Pakistani capitalism is a never-ending disaster story with even the rich diaspora providing a stream of hot capital for real estate, absent the slightest concern for future generations of working people. But then, fossil capital has never been characterised by foresight or humanity. Profit and power rule while most of the world’s people and ecosystems burn. We will need more than lip service for the tide to turn.

The writer teaches at Quaid-i-Azam University, Islamabad.

Published in Dawn, May 24th, 2024

Opinion

Editorial

Another lynching
Updated 22 Jun, 2024

Another lynching

The chilling alternative to not doing anything — which appears to be the state’s preferred option — is the advent of mob rule.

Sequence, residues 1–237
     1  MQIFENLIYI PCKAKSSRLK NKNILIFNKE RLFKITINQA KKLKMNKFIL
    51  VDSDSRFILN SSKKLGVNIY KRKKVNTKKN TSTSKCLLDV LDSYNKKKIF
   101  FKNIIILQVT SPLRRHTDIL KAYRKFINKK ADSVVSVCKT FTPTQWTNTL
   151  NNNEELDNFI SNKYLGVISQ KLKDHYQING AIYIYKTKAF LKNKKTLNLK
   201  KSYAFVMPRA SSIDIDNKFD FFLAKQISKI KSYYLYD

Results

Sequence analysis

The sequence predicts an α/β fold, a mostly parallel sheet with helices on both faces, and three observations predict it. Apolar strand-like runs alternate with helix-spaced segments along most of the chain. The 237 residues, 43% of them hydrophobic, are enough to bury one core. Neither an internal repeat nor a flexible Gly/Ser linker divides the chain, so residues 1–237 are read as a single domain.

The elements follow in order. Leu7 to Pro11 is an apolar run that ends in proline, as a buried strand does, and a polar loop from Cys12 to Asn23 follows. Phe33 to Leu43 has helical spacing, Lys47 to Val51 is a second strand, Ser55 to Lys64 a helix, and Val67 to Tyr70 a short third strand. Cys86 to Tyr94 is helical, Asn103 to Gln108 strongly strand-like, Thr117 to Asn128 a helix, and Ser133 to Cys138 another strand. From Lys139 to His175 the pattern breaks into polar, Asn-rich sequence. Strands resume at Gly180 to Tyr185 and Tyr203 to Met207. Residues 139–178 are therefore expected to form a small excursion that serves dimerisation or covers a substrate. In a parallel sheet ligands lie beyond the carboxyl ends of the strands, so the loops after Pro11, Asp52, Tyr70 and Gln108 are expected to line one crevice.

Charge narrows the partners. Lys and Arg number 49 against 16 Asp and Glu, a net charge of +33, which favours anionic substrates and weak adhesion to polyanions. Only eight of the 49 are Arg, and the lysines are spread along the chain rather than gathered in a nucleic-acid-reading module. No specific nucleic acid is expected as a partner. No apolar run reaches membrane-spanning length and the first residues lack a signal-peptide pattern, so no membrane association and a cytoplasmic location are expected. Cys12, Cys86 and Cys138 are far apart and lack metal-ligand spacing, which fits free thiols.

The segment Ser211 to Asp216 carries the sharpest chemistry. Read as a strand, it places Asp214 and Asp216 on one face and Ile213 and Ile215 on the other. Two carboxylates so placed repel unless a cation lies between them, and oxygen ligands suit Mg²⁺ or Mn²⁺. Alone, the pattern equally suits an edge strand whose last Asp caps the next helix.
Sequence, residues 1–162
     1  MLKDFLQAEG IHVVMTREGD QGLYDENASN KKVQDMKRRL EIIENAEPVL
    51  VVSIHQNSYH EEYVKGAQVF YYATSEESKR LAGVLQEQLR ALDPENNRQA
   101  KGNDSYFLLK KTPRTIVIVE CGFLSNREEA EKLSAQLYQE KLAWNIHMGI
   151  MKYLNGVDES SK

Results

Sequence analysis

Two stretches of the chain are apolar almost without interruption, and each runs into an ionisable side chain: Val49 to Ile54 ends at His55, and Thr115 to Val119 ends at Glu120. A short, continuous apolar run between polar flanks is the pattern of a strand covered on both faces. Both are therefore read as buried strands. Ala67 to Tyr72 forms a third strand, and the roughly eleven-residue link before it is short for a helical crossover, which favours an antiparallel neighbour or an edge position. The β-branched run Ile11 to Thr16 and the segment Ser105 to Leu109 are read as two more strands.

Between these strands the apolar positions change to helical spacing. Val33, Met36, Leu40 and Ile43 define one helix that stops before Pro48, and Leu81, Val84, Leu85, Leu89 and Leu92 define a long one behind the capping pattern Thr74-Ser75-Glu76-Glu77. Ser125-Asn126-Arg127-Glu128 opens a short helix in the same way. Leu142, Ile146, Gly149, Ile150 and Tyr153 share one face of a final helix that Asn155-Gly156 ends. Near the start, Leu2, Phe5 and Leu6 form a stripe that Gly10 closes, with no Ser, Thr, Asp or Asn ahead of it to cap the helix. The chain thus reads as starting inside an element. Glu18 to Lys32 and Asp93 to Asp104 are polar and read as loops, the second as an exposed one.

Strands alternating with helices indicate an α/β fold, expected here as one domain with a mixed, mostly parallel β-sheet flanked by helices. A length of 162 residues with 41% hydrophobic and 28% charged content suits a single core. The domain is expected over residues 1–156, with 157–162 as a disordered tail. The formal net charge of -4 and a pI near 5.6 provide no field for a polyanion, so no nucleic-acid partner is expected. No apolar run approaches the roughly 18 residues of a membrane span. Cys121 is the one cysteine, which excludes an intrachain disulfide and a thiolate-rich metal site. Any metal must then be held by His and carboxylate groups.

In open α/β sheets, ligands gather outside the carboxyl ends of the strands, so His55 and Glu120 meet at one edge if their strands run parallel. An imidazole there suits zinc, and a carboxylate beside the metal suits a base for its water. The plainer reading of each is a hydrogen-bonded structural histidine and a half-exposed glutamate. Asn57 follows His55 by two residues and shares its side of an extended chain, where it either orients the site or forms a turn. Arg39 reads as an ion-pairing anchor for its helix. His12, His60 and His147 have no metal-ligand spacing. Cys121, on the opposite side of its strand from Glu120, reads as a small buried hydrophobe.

Tax & representation
22 Jun, 2024

Tax & representation

THE taxation measures outlined in the budget for the incoming fiscal year have triggered a lot of concern among ...
Life of the party?
22 Jun, 2024

Life of the party?

THE launch of Awaam Pakistan, a party led by former prime minister Shahid Khaqan Abbasi and former finance minister...
KP’s ‘power struggle’
Updated 21 Jun, 2024

KP’s ‘power struggle’

Instead of emboldening protesters, CM Gandapur should encourage his provincial subjects to clear their due bills and ensure theft is minimised.
Journalist’s murder
21 Jun, 2024

Journalist’s murder

ANOTHER name has been added to the list of journalists murdered in Pakistan. On Tuesday, Khalil Jibran’s vehicle...
A leaner government?
21 Jun, 2024

A leaner government?

FINANCE Minister Muhammad Aurangzeb has reiterated his government’s ‘commitment’ to shutting down ministries...